A "single-threaded owner" (or "single-threaded leader") is a new role describing a general manager who is 100% focused and 100% accountable to making a company's new initiative succeed. The single threaded owner is given their mandate, which could be anything - invent a new product, launch a new line of business, migrate a company to the cloud - and every day they and their team wake up with one question: "how do I make this initiative succeed?". But in practice, single-threaded owners are given very hard problems to solve. Focus and accountability is a necessary step, but you still have to make your program succeed, from strategy to execution.
A story for leaders of all levels.
Even top executives consistently make this mistake when sending e-mail.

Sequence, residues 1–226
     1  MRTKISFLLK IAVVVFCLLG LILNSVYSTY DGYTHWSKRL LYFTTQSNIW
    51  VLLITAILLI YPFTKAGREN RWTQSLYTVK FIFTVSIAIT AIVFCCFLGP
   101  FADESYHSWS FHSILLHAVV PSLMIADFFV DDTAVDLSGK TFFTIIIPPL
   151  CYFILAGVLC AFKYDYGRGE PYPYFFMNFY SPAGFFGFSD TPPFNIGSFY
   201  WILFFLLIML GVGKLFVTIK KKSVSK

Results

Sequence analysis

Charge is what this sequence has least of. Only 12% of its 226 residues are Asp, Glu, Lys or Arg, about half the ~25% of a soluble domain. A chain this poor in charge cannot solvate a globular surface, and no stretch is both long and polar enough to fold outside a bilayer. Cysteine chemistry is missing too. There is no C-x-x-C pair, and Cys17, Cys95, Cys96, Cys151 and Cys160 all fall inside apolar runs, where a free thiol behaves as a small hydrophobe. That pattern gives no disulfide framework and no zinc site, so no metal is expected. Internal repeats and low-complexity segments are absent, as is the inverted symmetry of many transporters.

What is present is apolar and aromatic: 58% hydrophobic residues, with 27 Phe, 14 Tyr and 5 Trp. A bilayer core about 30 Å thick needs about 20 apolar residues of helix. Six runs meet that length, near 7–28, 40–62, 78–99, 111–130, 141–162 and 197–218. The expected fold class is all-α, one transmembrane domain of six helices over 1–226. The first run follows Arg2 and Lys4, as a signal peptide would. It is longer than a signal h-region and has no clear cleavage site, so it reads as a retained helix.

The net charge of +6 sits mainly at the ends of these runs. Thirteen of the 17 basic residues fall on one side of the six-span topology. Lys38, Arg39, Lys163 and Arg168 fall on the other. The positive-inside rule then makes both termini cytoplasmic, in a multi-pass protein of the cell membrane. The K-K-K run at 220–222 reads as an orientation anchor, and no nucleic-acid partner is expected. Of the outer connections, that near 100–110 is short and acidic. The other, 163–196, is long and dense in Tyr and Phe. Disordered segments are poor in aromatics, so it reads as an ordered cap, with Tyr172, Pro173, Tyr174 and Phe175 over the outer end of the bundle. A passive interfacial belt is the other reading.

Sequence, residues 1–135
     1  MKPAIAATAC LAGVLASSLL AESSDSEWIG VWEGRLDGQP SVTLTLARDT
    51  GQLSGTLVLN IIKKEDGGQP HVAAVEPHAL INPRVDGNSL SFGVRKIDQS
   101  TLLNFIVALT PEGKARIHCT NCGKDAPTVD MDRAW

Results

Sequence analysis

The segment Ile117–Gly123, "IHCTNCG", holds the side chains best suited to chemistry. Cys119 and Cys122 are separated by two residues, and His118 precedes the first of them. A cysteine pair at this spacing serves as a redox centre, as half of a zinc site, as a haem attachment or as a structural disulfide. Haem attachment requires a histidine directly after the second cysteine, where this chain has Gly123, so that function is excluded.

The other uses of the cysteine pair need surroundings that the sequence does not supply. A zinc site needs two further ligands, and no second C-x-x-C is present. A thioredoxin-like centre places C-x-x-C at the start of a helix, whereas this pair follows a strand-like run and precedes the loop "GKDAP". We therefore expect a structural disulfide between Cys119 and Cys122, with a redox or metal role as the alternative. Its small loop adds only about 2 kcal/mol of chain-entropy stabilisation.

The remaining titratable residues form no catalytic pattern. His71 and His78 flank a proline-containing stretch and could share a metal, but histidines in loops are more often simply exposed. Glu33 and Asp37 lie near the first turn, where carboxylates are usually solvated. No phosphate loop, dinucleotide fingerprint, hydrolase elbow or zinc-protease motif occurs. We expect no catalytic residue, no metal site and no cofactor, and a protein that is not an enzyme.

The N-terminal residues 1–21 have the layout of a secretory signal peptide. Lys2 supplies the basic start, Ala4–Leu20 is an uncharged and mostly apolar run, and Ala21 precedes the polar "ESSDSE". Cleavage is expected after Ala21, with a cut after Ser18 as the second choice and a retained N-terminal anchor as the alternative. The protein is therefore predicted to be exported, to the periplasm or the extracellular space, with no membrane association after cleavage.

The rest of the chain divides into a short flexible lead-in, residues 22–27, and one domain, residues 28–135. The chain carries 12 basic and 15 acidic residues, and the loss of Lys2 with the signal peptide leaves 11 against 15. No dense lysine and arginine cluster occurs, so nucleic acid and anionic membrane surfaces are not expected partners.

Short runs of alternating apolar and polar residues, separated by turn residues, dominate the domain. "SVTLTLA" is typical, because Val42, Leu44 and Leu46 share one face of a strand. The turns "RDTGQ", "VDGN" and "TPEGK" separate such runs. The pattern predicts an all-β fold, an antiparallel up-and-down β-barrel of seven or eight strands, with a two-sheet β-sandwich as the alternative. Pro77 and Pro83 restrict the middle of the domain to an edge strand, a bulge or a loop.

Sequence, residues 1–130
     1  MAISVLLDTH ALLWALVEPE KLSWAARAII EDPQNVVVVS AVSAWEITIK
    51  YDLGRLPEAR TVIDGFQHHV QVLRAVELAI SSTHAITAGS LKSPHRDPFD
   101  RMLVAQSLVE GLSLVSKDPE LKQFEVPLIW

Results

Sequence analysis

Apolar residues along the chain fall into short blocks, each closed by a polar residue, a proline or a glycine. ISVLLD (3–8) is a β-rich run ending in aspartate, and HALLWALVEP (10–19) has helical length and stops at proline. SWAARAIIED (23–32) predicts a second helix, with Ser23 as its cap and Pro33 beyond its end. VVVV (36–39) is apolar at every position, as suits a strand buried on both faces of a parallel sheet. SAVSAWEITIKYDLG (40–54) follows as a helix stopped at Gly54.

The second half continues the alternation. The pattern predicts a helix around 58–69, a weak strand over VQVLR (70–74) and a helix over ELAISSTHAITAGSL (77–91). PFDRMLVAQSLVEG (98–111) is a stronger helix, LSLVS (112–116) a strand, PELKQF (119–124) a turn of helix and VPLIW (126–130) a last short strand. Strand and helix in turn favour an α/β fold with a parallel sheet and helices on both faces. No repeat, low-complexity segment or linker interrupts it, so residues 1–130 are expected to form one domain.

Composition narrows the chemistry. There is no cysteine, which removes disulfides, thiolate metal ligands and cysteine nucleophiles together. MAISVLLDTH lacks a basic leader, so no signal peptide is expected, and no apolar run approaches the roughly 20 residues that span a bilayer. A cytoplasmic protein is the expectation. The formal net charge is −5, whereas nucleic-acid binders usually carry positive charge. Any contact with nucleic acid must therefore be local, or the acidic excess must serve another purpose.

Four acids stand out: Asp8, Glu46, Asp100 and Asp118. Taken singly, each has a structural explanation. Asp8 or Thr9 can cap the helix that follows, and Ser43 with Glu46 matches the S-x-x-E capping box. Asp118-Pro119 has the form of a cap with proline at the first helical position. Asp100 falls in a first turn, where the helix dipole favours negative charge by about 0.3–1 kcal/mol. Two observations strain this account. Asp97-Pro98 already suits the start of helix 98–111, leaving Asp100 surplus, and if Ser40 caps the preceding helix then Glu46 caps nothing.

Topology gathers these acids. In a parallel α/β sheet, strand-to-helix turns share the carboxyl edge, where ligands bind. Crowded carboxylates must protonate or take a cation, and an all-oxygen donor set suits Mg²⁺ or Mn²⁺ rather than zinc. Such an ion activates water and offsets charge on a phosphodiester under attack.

From Sigmund Freud to Jimi Hendrix to Stephen King, some of the greatest minds have resorted to extreme measures to unleash their creativity and push the limits of innovation. But think of your company’s management team—do you feel that same commitment to ground-breaking innovation?
As part of a market research initiative my team recently interviewed a group of software executives and mid-level managers. We asked them questions about product management, scheduling, budgeting, etc. and they gave us typical answers. But when I asked the question, “How do you promote innovation?”, I got a lot of blank stares.
Despite companies across the nation espousing the need for innovation and creativity, in the software industry, “creative types” are usually relegated to specific areas like UI design (the one area in fact, where there is a stronger need for rigorous analysis than creativity). Creativity in process and management is not often a top consideration.
But management teams don’t have to break out mind-altering drugs in order to bring their organizations to the next level. A simple commitment to innovation will go a long way—a 3-step process I've labeled LSD (an acronym I hope you'll remember):